We had to jump into it – I remember banging my knee, it was a big metal old Toyota jeep – and then what we realised was you don’t need that. And by the time we got to Uncharted 2, it was a couple of benches, a fake steering column, the shift was a PVC pipe with a tennis ball.

And by the time we got to Uncharted 3, it was just chairs because the animators knew we just need to do this and they actually had the model and it just became paired down to the essentials. It makes it a little more difficult as an actor because you have less to work with, but at the same time, it’s also a little more freeing because you don’t have to worry about banging your leg, which as long as you picture that jeep and just jump in there because in first instance, lets say the animators decide, ‘oh it should be a truck, not a jeep,’ they can just go ‘okay,’ change it and make the skin whatever they want it to be.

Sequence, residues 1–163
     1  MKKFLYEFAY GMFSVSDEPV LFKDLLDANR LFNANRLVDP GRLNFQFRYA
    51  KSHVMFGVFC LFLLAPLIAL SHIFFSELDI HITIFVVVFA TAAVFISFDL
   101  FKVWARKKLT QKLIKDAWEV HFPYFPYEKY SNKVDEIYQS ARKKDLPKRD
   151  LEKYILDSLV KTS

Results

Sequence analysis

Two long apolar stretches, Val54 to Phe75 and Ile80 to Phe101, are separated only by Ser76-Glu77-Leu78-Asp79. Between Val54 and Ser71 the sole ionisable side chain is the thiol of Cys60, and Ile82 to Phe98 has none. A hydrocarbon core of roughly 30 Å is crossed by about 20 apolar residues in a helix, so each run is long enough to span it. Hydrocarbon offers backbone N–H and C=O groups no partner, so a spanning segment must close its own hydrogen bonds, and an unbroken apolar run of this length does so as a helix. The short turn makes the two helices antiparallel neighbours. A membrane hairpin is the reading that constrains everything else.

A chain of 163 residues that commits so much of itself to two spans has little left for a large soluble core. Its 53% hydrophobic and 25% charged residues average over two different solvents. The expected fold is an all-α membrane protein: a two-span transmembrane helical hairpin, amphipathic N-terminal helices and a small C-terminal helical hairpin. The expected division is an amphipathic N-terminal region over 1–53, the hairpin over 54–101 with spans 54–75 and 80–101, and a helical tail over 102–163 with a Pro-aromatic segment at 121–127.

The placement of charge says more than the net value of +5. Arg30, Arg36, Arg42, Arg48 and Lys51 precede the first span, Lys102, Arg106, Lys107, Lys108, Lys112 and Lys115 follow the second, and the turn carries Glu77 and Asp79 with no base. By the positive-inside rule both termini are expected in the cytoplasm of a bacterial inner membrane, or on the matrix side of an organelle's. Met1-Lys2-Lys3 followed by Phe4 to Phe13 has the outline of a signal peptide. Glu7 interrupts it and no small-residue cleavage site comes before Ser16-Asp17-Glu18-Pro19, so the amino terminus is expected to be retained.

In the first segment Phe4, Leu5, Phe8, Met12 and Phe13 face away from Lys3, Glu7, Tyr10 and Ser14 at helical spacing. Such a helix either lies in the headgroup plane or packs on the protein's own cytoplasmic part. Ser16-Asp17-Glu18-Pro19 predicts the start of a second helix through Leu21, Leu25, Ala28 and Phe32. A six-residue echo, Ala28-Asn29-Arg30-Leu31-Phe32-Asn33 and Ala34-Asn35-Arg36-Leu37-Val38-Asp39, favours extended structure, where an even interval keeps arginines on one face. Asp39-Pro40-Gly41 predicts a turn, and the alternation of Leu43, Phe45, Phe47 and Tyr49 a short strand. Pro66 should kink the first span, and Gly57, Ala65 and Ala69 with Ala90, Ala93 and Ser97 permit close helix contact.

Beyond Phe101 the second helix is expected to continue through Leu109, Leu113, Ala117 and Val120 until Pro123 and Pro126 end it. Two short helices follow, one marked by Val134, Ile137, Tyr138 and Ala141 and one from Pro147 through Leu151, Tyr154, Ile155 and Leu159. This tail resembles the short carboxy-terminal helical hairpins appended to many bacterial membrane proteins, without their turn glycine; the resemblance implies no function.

RL: That’s a great evolution of our process. Very interesting.

NN: And much less expensive than renting a jeep for the day.

I want to touch upon something you made comment on yesterday. You said doing mo-cap like the MotionScan tech in LA Noire would be “difficult”. Does that show how much of a free-form performance you could do with Uncharted and Naughty Dog compared to something like MotionScan and LA Noire?

NN: Richard can touch upon the technology of facial capture, but I know a couple of the actors who did the facial capture. And it’s very difficult that you have to be animated. If you just watch us talking, anybody, we move our heads, I might do this and I might do that. They can not do that. And what happens when you have to keep your face that still, you’re going to one of two ways: you’ll be so afraid to actually emote and move your face and so it’ll be very boring or you’ll try to overdo it. And now, all of a sudden, you’re going, [he says with an expressionless face] ‘hey, listen to me, you know whats going to happen when we go down that street.’